[e2e] TCP Performance with Traffic Policing

Barry Constantine Barry.Constantine at jdsu.com
Sat Aug 13 12:46:03 PDT 2011

Hi Anil,

I have played around with burst size in the past, but not with this particular bench test.

The equipment is still in place and I should be able to do more testing next week as you propose.

I will let you know the results.


-----Original Message-----
From: Agarwal, Anil [mailto:Anil.Agarwal at viasat.com] 
Sent: Saturday, August 13, 2011 11:42 AM
To: Barry Constantine; dart at es.net
Cc: Alexandre Grojsgold; end2end-interest at postel.org
Subject: RE: [e2e] TCP Performance with Traffic Policing


You might want to set the "burst size" parameter of the policer to 
a higher value -
e.g., equal to the bandwidth-delay-product at the policer rate or even
higher. This will have a **similar** effect as having a buffer with an
equivalent rate link.

Also, testing with multiple TCP connections will result in higher
aggregate throughput, even at low burst size values.

Also, check if TCP SACK is enabled in all your test cases.

You should be able to achieve throughput close to the policer rate.

Note that a policer with rate R bps and burst size of x bytes is 
not exactly equivalent to a link at rate R bps and x bytes of queue space.
On a R bps link, TCP packets get spaced out more evenly due to the 
self-clocking nature of TCP and the transmission time of each packet
at R bps. With a policer, there is no "transmission time" effect at
the policer; packets in packet trains of a TCP connection tend to 
get spaced more closely, which can drive a policer into the state,
where it drops packets, even when the average data rate (measured
over an RTT) is < R bps. Having multiple connections helps - their
packet trains tend to get staggered over time.


Anil Agarwal
ViaSat Inc.

-----Original Message-----
From: end2end-interest-bounces at postel.org [mailto:end2end-interest-bounces at postel.org] On Behalf Of Barry Constantine
Sent: Friday, August 12, 2011 3:17 PM
To: dart at es.net
Cc: Alexandre Grojsgold; end2end-interest at postel.org
Subject: Re: [e2e] TCP Performance with Traffic Policing

Thanks for answering this Eli, very well said. 

The buffeting of the slower link more gracefully allows TCP to adapt in my experience. 

Also thanks to all on this list, my first time posting and the suggestions and information have been fantastic. 


Sent from my iPhone

On Aug 12, 2011, at 2:44 PM, "Eli Dart" <dart at es.net> wrote:

> On 8/12/11 9:32 AM, Alexandre Grojsgold wrote:
>> Is there a reason to consider X Mbps policing differnet of having a X Mbps link
>> midway between source and destination?
> In my experience, policing at rate X behaves like an interface of rate X 
> with no buffer.  This means a policer must drop if there is any 
> oversubscription at all, while an interface can provide some buffering.
> This means that TCP sees loss more easily in policed environments, 
> especially if there is a large difference in bandwidth between the 
> policed rate and the host interface rate (at any instant in time, the 
> host is sending at wire-speed for its interface if it's got data to send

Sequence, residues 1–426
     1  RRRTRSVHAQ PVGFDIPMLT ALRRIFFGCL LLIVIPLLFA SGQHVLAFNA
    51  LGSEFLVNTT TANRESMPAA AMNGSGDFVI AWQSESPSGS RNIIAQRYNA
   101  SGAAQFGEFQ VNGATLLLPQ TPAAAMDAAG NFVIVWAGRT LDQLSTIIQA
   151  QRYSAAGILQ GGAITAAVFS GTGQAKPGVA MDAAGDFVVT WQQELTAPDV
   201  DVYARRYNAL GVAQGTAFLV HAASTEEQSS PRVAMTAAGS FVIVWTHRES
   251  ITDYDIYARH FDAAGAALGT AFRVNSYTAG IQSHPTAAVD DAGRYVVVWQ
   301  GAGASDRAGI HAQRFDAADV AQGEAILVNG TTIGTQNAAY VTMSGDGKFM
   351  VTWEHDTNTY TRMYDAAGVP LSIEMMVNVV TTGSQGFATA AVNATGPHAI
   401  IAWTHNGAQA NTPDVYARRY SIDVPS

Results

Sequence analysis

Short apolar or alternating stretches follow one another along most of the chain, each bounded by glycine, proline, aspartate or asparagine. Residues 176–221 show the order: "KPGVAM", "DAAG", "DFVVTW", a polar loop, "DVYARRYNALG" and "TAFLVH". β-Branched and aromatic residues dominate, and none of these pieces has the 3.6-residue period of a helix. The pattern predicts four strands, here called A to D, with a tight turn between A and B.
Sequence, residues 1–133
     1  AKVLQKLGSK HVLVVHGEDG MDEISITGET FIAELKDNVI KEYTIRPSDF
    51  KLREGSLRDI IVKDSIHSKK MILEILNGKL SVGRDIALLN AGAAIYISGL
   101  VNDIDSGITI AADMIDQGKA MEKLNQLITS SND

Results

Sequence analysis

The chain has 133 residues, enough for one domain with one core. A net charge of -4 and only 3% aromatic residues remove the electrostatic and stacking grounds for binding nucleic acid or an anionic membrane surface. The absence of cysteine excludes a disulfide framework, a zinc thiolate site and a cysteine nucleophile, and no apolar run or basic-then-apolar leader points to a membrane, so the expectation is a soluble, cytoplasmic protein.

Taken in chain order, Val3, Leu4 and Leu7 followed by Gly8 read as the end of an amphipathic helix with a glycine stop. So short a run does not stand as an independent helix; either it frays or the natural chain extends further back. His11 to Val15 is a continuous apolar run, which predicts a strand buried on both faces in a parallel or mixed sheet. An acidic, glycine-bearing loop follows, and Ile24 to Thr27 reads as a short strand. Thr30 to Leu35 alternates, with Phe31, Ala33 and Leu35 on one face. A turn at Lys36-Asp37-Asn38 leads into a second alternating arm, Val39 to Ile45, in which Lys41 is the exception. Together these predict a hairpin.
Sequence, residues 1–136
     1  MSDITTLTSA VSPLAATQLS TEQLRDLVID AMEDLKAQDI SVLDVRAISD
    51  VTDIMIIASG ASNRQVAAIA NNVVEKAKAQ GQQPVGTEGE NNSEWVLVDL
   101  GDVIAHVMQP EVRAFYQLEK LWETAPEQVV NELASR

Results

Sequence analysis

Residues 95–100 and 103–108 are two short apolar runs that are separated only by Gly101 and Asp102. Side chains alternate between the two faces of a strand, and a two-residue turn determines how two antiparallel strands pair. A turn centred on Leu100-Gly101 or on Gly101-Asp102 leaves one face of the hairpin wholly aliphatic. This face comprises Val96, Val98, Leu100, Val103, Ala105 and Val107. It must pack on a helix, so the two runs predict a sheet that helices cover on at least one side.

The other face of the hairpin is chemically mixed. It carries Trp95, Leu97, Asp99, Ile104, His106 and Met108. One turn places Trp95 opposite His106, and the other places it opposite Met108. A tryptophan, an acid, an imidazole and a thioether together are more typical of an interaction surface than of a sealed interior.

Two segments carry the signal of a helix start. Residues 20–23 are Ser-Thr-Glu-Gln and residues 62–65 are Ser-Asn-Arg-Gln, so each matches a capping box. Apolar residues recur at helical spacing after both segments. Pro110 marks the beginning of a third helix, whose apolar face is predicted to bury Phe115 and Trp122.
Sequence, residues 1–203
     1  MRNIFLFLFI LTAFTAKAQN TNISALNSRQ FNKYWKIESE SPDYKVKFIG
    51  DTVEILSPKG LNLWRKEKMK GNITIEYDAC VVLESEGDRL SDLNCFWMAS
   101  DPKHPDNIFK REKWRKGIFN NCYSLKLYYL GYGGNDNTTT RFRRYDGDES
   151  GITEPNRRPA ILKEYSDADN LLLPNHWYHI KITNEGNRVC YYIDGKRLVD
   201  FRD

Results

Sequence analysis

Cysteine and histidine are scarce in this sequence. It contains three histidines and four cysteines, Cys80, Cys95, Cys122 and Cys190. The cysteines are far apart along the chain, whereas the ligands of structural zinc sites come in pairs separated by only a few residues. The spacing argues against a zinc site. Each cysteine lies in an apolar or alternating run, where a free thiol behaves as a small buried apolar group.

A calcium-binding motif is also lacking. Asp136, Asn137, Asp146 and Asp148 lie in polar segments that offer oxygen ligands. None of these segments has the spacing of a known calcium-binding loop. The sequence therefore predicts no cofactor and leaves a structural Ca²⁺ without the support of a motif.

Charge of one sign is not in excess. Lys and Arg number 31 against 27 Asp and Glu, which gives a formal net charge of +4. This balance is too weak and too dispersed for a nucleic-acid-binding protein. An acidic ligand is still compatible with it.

> and available window, regardless of average rate on the time scale of 
> seconds).
> Of course, different router vendors have different buffering defaults 
> (and different hardware capabilities), and some policers can be 
> configured with burst allowances.  However, many policers don't behave 
> in the ways that they say they do, even when configured with burst 
> allowances.  As another post indicated, its quite a mess...
>        --eli
>> -- alg.
>> On 12-08-2011 12:48, rick jones wrote:
>>> On Aug 12, 2011, at 7:03 AM, Barry Constantine wrote:
>>>> Hi,
>>>> I did some testing to compare various TCP stack behaviors in the midst of traffic policing.
>>>> It is common practice for a network provider to police traffic to a subscriber level agreement (SLA).
>>>> In the iperf testing I conducted, the following set-up was used:
>>>> Client ->   Delay (50ms RTT) ->   Cisco (with 10M Policing) ->   Server
>>>> The delay was induced using hardware base commercial gear.
>>>> 50 msec RTT and bottleneck bandwidth = 10 Mbps, so BDP was 62,000 bytes.
>>>> Ran Linux, Windows XP, and Windows 7 clients at 32k, 64k, 128k window (knowing that policing would
>>>> kick in at 64K)
>>>>                 Throughput for Window (Mbps)
>>>> Platform        32K        64K        128K
>>>> --------------------------------------------
>>>> Linux          4.9         7.5         3.8
>>>> XP             5.8         6.6         5.2
>>>> Win7           5.3         3.4         0.44
>>> The folks in tcpm might be better able to help? but I'll point-out one nit - "Linux" is not that much more specific than saying "Unix" - it would be goodness to get into the habit of including the kernel version.  And ID the server since it takes two to TCP...
>>> happy benchmarking,
>>> rick jones
>>> Wisdom teeth are impacted, people are affected by the effects of events
>> --
>> _________________________________________________________________
>> *Alexandre L. Grojsgold*<algold at rnp.br<mailto:algold at rnp.br>>
>> Diretor de Engenharia e Operações
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>> Tel: (21) 2102-9680 Cel: (21) 8136-2209
> -- 
> Eli Dart                                            NOC: (510) 486-7600
> ESnet Network Engineering Group (AS293)                  (800) 333-7638
> Lawrence Berkeley National Laboratory
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